US, UK Are Unserious About Sanctioning Election Riggers – Akinyemi

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The United States of America (USA) and the United Kingdom (UK) may not follow through on their threats to impose sanctions on election riggers and violence sponsors in Nigeria’s just-conducted 2023 General Elections, according to A former Nigerian Minister of Foreign Affairs, Professor Bolaji Akinyemi.

Akinyemi claimed on Arise Television‘s Morning Show on Friday, which was monitored by Saturday Telegraph, that the two world powers are fond of threatening to discipline electoral criminals whenever there is an election in Nigeria, but that they rarely follow through on their promises.

The elder statesman spoke against the backdrop of Nigerian elections being marred by violence and the possibility of visa bans imposed by the US and the UK.

In his words: “Every time there is an election in Nigeria, both the United States of America and the United Kingdom always say they will sanction those they suspect of malfeasance or attempting to sabotage the electoral process, but nothing ever happens.

“I’m not aware of anyone being sanctioned in terms of visa denial. We do hear this mentioned from time to time, but no sanctions were ever imposed.

“The rationale for this is that those they are likely to know are behind these attempts to undermine the democratic process and have large bank accounts in their own countries. They are more concerned with maintaining those bank accounts than with imposing these sanctions.

“The ordinary foot soldiers who carry the guns, cutlasses, and big sticks that we saw on television don’t apply for visas in any case because they don’t want to go anywhere.” That is why I believe this is simply noise; it will not lead anywhere.”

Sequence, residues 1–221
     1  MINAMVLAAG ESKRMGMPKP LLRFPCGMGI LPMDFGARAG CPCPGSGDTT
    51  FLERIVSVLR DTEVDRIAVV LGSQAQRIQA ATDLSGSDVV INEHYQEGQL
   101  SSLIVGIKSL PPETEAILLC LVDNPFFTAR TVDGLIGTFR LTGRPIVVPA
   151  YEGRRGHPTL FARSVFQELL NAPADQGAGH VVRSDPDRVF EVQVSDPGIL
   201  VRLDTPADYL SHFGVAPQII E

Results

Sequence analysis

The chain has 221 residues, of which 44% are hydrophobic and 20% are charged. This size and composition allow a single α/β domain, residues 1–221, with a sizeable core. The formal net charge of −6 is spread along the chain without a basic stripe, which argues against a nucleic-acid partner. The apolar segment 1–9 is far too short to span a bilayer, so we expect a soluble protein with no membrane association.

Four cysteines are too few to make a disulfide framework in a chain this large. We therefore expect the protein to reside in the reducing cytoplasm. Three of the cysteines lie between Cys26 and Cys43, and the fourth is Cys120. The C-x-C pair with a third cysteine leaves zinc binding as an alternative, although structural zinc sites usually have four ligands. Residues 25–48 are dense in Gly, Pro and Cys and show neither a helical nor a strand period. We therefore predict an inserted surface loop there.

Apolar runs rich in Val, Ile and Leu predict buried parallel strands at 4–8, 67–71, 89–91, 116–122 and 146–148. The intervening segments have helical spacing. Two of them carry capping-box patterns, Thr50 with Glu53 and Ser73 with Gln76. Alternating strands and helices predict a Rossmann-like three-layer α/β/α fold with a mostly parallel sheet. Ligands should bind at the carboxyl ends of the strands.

Akinyemi, on the other hand, recalls being a member of the Uwais Electoral Reform Panel, which suggested the establishment of an electoral offences commission and an electoral offences court or tribunal, but that nothing became of the suggestions.

He revealed that the report was scrapped due to the death of former President Umar Musa Yar’Adua, who he said had promised, both at the start and when he received the report, that he would implement it without any changes, but that after his death, former President Goodluck Jonathan did not.

Akinyemi emphasised that Nigeria has never tried or punish electoral criminals, and that even in the absence of the Uwais Report, there are statutes in the country’s Criminal Code prohibiting hooliganism and conduct likely to provoke a breach of the peace.

Akinyemi queried: “You want to tell me that because it’s election season, you can break someone’s head and not be charged with assault?”

The academic said: “People who cause injury or grave bodily harm do not require an electoral tribunal to be prosecuted. I was just listening to a Commissioner of Police in one of our states who described the number of persons they had arrested and the crimes they had committed, but he never mentioned the crimes perpetrated during the election.

“He stated that they would be charged in court as soon as their investigations were completed. I hope this happens, but the International Criminal Court (ICC) is there to deal with crimes such as electoral violence and agitation against groups, and this has been utilised in Cote D’Ivoire, so we must be cautious.”

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